Computer-Human Interactive Performance Symposium (CHIPS)

Lead Research Organisation: University College London
Department Name: Computer Science


Popular music (e.g. folk, rock, music theatre) plays a central role in the lives of millions of people. Musicians of all standards from amateur to professional produce music that is heard on radios and televisions, and performed in concert halls and theatres. Teenagers are motivated to learn instruments and play in bands to emulate their professional idols, serious amateurs play and sing together at open-mike nights, charity concerts, and in churches, and professionals perform in clubs, theatres, and multimedia shows like Cirque du Soleil and the Blue Man Group. To learn, rehearse, and perform popular music often requires a musician to be part of an ensemble yet forming such a group can be challenging, particularly for amateur musicians. Even in established communities such as churches, the demands of everyday life mean that musicians cannot always attend rehearsals or play regularly together. In professional ensembles, illness can cause the absence of key musicians in rehearsal or performance. Computer music technology offers the potential to substitute for musicians in these situations, yet reliable, robust, and simple systems that can be quickly set up, and that play musically and creatively do not yet exist. To focus broader attention on this significant and potentially high-impact problem, the CHIPS project will form a network of interest around the computer-human performance of popular music. The aim is to understand and shape the future research agenda by learning from experiences of technological adoption in relevant contexts, understanding the technological state of the art in relation to popular music performance, and imagining future performance practices incorporating computer "musicians". The focus of the project will be a symposium, supported before and after by web-enabled collaborative discussion, and with the longer-term aim of establishing a network of interest to subsequently organise a self-sustaining series of symposia or working sessions at relevant major international conferences in the field.

Planned Impact

The primary non-academic impact of the CHIPS project will be on practicing musicians engaged in popular music performance in various settings e.g. theatres and churches. The nature of the impact will be to raise awareness of the current technological state of the art and potential of interactive popular music performance systems, and to encourage performers to consider and become more aware of the issues surrounding the introduction of technology in their performance practice. Primarily, impact will be achieved through those academic researchers who are also performers (a relatively common situation) but as the network of interest evolves, it is expected that more performers will be drawn into the ongoing discussions.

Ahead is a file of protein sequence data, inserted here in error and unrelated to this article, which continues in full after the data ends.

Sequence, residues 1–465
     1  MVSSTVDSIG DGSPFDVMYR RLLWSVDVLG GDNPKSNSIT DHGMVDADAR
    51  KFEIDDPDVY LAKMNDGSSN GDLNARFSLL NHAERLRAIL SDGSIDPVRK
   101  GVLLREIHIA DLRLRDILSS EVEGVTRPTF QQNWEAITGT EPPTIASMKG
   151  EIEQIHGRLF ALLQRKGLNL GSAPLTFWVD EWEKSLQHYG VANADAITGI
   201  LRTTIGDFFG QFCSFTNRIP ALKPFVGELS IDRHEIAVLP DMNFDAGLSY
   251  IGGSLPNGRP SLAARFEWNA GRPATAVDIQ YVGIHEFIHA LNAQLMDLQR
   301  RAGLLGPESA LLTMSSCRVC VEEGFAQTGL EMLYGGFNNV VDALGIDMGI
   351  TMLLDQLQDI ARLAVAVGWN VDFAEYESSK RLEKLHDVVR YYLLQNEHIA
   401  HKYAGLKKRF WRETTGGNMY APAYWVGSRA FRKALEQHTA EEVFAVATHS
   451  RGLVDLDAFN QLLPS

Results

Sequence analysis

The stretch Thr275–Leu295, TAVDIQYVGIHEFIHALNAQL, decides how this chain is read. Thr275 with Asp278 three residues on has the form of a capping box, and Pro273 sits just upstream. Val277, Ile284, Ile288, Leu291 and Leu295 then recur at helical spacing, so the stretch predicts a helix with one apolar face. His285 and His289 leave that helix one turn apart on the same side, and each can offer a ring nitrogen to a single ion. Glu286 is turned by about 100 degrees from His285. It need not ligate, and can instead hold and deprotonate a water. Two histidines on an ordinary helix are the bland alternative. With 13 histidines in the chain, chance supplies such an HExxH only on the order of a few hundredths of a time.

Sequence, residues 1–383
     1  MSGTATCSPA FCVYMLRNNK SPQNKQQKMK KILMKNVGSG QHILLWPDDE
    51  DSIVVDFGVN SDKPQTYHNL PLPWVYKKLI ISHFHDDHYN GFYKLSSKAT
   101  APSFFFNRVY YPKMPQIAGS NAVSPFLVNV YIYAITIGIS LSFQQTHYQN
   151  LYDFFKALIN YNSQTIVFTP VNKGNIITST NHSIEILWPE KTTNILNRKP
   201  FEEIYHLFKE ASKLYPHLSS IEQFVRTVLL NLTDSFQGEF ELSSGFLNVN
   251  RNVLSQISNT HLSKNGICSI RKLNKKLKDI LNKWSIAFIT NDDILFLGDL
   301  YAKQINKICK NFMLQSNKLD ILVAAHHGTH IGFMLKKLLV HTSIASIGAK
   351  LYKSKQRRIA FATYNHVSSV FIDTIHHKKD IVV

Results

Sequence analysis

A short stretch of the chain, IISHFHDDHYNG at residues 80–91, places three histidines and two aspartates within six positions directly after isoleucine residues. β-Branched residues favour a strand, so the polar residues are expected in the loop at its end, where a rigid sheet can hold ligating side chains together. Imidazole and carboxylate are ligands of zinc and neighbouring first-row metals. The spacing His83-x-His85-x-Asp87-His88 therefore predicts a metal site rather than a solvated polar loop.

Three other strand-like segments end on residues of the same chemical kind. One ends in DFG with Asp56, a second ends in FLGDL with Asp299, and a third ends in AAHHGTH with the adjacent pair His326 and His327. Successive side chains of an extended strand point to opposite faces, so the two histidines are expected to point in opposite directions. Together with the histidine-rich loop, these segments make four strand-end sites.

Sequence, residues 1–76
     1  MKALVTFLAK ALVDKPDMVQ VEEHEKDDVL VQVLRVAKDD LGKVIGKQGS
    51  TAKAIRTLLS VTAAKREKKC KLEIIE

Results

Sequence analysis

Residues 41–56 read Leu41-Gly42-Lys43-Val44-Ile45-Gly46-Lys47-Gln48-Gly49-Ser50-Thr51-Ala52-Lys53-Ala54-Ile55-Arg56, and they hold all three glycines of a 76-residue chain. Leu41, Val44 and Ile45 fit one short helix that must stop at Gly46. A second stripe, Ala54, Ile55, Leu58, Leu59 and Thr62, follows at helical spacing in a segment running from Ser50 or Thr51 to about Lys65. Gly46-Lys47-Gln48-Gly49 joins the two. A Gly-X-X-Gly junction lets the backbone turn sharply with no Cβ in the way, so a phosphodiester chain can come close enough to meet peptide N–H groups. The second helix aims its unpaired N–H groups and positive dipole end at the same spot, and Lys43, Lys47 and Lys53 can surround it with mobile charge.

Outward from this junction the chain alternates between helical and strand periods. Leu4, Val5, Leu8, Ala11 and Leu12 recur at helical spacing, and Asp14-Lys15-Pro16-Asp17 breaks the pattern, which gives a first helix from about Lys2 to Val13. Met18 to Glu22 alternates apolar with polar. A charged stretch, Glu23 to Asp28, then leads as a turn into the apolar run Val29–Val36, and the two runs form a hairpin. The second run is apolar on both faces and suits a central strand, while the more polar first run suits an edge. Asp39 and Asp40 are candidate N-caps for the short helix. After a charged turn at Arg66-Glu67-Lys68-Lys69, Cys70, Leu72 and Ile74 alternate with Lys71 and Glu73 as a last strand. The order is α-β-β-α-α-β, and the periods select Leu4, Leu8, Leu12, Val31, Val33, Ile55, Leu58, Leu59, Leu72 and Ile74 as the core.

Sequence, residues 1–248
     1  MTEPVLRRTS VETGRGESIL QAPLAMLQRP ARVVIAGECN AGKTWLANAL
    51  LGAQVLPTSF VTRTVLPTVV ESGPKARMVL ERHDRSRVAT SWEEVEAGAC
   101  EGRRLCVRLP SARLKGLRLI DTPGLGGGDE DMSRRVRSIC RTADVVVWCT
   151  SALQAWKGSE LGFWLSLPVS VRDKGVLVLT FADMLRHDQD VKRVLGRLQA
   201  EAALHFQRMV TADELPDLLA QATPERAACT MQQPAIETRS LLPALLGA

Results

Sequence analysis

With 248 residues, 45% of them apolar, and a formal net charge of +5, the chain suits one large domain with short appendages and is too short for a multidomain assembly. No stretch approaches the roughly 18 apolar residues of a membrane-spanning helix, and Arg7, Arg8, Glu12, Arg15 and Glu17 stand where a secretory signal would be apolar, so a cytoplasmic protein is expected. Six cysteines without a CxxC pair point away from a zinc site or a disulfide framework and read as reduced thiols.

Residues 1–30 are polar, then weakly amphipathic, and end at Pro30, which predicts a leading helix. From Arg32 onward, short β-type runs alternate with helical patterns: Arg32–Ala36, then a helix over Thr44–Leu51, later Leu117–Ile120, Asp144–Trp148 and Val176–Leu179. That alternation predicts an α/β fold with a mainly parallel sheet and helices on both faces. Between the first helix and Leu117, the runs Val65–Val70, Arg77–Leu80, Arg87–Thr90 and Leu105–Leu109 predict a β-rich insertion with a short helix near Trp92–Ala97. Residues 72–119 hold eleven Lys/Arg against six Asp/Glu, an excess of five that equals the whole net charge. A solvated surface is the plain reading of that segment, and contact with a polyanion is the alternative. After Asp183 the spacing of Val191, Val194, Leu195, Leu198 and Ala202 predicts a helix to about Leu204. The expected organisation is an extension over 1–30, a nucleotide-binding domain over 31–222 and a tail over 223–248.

Description The main activities of the project were virtual and actual symposia. These were supplemented by theoretical work culminating in a music-technology adoption assessment framework published at Sound and Music Computing 2012. From the results of this work a collaborative feasiblity study was undertaken using beat tracking and chord estimation on the iOS platform.
Exploitation Route The results of the symposia and exploratory study could inform future research developments in the field.
Sectors Creative Economy,Digital/Communication/Information Technologies (including Software),Culture, Heritage, Museums and Collections

Description The findings have informed the development of research proposals and agenda in the use of mobile devices for music-related applications. This was a short academically focused project thus to date minimal non-academic impact has been noted although a mobile-based public engagement/research project with the Royal College of Music took place in 2014/15.
First Year Of Impact 2014
Sector Culture, Heritage, Museums and Collections
Impact Types Cultural